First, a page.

His father founded a marine insurance firm and at one time served as Hawaiian consul-general in London. He was also for a time churchwarden at St John-at-Hampstead. His grandfather was the physician John Simm Smith, a university colleague of John Keatsand close friend of the eccentric philanthropist Ann Thwaytes.
Gerard Manley Hopkins — English poet. Considered a major English poet, Hopkins's poems are distinguished by stylistic innovations, most notably his striking diction and his pioneering use of a meter he termed "sprung rhythm.
However, critics today agree that Hopkins is the author of some of the finest and most complex poems in the English language, and he is firmly established as a major figure in the development of modern poetry.
Gerard Manley Hopkins >Although the English author and Jesuit Gerard Manley Hopkins () >wrote no more than 40 mature poems, he is regarded as one of the major >English poets. Essays and criticism on Gerard Manley Hopkins - Critical Essays. Gerard Manley Hopkins. Gerard Manley Hopkins () was an English Jesuit priest and poet who created an entirely new poetic style but whose poetry remained largely unpublished and unknown in his short lifetime – he was only 44 when he died.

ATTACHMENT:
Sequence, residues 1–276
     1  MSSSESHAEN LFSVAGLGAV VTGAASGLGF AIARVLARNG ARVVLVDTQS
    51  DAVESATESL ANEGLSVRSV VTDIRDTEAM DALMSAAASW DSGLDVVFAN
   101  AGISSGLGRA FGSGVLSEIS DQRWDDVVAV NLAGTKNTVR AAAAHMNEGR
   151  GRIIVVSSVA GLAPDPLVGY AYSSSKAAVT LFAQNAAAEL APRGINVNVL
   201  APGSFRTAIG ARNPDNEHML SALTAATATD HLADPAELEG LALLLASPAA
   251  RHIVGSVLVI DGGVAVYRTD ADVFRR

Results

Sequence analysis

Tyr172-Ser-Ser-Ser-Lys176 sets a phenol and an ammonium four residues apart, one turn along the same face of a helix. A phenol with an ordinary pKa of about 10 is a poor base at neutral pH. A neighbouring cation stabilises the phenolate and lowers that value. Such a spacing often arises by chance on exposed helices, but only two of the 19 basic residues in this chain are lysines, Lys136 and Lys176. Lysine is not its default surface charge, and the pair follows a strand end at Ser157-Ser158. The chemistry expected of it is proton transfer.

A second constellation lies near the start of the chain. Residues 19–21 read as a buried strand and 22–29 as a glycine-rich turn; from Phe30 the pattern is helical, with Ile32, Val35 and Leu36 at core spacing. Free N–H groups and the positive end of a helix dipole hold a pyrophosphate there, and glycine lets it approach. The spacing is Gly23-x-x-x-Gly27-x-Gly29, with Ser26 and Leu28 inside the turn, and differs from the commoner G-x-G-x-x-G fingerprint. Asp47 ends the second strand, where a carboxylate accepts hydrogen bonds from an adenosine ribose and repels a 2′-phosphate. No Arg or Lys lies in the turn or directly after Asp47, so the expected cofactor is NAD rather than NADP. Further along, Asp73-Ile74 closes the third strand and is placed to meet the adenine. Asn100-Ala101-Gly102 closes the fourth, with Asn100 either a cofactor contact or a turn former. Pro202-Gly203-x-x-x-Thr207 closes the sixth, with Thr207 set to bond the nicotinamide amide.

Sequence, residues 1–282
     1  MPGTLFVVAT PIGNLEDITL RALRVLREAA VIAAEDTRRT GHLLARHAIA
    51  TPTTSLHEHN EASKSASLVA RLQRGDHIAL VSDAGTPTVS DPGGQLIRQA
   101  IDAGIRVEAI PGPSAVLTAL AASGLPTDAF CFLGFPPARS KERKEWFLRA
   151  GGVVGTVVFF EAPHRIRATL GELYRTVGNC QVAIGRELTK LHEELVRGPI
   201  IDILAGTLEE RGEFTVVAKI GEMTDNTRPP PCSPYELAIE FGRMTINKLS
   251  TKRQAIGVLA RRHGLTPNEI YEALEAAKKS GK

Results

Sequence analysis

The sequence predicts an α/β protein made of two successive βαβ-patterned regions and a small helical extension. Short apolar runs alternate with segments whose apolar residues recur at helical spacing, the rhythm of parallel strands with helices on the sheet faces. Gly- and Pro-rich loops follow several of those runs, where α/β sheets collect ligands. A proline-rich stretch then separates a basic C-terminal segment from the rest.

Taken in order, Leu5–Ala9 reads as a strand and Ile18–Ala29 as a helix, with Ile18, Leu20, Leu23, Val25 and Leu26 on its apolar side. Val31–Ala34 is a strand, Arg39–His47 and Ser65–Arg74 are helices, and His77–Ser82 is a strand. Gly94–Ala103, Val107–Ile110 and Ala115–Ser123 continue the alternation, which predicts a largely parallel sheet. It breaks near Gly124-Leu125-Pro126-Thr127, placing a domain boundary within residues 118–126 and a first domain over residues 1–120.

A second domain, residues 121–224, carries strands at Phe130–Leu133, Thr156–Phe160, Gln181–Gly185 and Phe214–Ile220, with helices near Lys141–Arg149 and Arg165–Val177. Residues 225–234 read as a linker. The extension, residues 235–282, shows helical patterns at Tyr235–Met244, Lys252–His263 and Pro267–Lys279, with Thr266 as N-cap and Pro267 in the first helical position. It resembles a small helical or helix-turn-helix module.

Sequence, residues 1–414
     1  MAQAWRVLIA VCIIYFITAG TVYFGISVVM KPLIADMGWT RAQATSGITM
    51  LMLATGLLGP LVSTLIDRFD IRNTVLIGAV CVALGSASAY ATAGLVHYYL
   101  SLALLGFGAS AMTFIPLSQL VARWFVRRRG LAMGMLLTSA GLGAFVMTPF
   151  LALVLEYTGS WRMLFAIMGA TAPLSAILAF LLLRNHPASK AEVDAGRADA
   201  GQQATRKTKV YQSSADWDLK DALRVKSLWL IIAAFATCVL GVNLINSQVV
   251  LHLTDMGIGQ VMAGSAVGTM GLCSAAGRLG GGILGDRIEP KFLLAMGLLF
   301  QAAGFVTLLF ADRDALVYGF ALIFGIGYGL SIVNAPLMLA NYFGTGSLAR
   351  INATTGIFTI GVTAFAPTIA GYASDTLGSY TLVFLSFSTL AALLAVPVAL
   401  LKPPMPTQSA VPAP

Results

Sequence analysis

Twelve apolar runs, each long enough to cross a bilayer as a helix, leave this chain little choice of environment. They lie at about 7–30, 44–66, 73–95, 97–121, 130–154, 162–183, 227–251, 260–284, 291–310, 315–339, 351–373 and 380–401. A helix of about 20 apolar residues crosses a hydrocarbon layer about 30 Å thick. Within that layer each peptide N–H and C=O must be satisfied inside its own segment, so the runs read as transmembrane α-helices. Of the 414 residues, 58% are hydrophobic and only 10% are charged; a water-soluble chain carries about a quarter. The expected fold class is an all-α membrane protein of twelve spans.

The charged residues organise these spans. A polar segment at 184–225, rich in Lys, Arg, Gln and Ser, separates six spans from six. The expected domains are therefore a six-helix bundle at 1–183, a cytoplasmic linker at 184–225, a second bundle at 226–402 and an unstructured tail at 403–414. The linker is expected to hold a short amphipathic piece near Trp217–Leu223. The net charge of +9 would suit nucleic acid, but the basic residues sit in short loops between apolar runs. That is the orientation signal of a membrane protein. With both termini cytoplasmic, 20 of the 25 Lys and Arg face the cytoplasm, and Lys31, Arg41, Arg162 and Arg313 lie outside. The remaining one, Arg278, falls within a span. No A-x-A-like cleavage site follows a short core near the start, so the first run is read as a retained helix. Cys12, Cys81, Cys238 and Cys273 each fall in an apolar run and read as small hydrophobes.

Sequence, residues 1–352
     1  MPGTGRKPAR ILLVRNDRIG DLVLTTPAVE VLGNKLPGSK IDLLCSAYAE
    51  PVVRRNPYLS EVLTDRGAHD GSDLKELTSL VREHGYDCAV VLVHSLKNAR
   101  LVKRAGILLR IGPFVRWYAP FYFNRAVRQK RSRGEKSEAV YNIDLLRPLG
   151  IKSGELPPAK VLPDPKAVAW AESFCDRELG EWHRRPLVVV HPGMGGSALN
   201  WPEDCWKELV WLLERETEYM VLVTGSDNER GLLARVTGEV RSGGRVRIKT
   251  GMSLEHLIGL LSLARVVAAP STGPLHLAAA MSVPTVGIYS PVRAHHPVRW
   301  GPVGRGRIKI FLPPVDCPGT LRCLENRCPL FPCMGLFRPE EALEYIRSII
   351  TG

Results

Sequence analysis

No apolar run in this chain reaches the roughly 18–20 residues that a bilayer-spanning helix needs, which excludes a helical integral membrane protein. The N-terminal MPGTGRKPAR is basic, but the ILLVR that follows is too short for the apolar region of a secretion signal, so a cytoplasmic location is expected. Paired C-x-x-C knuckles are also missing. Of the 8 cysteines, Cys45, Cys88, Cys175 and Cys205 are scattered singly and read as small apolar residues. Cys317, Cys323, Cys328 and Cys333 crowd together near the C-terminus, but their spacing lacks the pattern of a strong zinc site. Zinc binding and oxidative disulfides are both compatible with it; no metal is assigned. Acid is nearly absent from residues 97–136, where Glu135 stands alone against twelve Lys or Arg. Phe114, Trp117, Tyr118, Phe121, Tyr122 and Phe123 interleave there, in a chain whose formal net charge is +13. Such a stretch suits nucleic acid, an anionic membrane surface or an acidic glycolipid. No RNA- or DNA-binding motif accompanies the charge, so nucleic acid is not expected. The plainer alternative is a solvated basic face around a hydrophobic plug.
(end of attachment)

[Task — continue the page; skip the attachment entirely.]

Beginning inhe attended to Cholmeley Grammar School in High-gate, where he excelled in his courses and won a school poetry competition. Inhe obtained a scholarship to the prestigious Baillol College at Oxford University. His experiences at Oxford were to have a profound effect on his life: Inafter months of soul-searching and against his family's wishes, he converted to Catholicism.
The following year he graduated from Oxford.
In the spring ofhe decided to enter the Jesuit order. He burned his poems, vowing to give up writing and dedicate himself fully to his religious calling. After his ordination inHopkins served as a priest at parishes in London, Oxford, Liverpool, and Glasgow, and taught classics at the Jesuit Stonyhurst College.